“Jesus then cometh and taketh bread, and giveth them, and fish likewise (John 21:13). Miracles go hand-in-hand with faith in God and must be an expression of truth.
When Christ performs miracles, it is for much more than to “prove his claim.” He is concerned with human needs as well as eternal needs. His works are a revelation of himself — and yes, they are also a sign that Jesus came from God.
When Jesus finished what we call the Sermon on the Mount, he went to Capernaum where he was sought out by a centurion who had a dying servant. A centurion was a Roman army officer over some 100 men. Since Palestine was under occupation by the Romans, it was not unusual to be in the company of the soldiers, who were often disliked by the Jews.
This centurion, however, was different. Undoubtedly he had been influenced by the Jews’ religion and had gone so far as to build them a synagogue. At any rate, Jesus recognized his faith and pointed it out as an example of what faith really is.
Although the man was noted for his good works and high character, however, these attributes did not earn him Christ’s compassion or attention — it was his faith.
Jesus looked beyond the centurion’s goodness and saw what was in his heart. He did not have to be close to the servant — distance made no difference.
Don’t you just love this? “Jesus then cometh ...” Luke 7:6 says. Before, the servant was sick, ready to die — “Jesus then cometh ...”
Look at some other instances: In a dangerous situation — “Then he ... rebuked the winds ...” (Matthew 8:26); they were blind — “Then touched he their eyes (Matthew 12:13); the rich young ruler — “Then Jesus beholding him loved ... (Mark 10:21); to John’s disciples — “Then Jesus turned, and saw them (John 1:38); to frightened disciples — “Then said Jesus to them again, peace ... (John 20:21).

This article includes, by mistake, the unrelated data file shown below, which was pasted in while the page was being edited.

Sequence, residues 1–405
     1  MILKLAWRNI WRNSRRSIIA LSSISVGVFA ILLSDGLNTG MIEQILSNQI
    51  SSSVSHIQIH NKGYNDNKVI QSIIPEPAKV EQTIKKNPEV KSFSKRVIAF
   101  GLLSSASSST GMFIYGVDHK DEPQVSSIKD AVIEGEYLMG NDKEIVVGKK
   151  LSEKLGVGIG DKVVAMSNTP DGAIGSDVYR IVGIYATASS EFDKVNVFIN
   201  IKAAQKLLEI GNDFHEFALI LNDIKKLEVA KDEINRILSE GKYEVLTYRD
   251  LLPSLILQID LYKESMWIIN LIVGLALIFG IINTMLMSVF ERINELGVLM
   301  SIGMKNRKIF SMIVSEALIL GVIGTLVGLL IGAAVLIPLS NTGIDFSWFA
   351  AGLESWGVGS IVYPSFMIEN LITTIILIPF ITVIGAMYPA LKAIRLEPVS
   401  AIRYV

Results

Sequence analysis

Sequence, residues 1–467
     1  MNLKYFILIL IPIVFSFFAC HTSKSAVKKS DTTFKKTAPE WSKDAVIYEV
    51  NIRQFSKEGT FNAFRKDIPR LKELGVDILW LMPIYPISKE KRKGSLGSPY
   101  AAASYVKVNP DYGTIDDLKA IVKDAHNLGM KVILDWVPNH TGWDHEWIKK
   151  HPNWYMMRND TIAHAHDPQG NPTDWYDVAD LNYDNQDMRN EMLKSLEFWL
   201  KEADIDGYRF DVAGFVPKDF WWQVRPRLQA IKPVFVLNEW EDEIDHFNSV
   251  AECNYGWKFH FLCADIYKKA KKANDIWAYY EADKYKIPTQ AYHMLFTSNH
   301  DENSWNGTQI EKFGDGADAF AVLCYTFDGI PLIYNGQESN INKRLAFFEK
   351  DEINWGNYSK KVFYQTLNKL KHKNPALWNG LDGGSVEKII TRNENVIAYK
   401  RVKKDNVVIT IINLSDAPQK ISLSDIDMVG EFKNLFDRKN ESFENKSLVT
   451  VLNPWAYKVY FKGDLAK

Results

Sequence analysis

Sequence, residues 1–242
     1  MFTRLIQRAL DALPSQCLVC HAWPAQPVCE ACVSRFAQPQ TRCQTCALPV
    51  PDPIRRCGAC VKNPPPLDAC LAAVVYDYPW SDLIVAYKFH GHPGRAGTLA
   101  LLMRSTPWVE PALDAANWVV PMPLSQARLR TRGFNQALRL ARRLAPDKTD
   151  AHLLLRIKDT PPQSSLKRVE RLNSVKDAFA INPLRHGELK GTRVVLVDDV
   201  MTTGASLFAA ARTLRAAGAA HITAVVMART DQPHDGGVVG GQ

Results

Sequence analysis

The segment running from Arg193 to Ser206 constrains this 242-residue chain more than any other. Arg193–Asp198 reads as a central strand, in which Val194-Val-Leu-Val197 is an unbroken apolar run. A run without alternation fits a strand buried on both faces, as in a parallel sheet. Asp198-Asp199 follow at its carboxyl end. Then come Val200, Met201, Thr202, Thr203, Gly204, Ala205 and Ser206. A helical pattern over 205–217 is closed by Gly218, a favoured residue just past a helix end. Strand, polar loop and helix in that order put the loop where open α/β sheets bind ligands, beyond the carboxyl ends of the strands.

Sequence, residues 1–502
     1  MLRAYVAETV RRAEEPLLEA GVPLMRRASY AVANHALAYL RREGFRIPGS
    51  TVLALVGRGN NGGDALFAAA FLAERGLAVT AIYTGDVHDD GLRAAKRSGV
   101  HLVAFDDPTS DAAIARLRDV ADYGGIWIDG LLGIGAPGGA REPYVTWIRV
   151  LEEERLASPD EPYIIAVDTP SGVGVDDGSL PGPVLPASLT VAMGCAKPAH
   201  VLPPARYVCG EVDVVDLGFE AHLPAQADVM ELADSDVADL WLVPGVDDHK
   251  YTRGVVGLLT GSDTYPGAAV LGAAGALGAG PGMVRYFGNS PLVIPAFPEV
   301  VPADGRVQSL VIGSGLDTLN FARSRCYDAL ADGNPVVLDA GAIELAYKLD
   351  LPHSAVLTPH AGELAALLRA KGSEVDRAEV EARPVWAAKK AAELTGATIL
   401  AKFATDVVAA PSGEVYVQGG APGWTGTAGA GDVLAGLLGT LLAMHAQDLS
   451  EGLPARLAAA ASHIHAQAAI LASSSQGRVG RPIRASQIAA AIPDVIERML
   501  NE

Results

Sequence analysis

Perhaps one of the greatest examples of our Lord’s compassion and mercy is the time he stopped a funeral procession and raised from the dead a mother’s only son.
After he performed the healing miracle in Capernaum, he went to the city of Nain. The mother, a widow, was probably walking behind the funeral bier which was holding her dead son. He was all she had. Even the townspeople were mourning with her as everything stopped for the traditional death march.
There was no thought in their minds that this would be any different from other funeral processions that had passed the streets of Nain. This boy would be buried; his mother and friends would grieve, and somehow, life would go on without him. They were not expecting any interruptions.
“Jesus then cometh ...” When the Lord saw the grieving mother, he had compassion on her. “Weep not,” he told her. Then he touched the bier and those who carried it stopped. Death was stopped in its tracks. Jesus said, “Young man, I say unto thee, arise.”
His Word performed the miracle. Just as he said to the brother of Mary and Martha, “Lazarus, come forth,” he spoke to the boy.
The people stood back in awe. They recognized that God was there and they glorified Christ.
When the Son of God steps into the picture — everything falls into place.
His name is wonderful. He is the mighty God — Jesus, my Lord. “Jesus then cometh ...” — look for a miracle.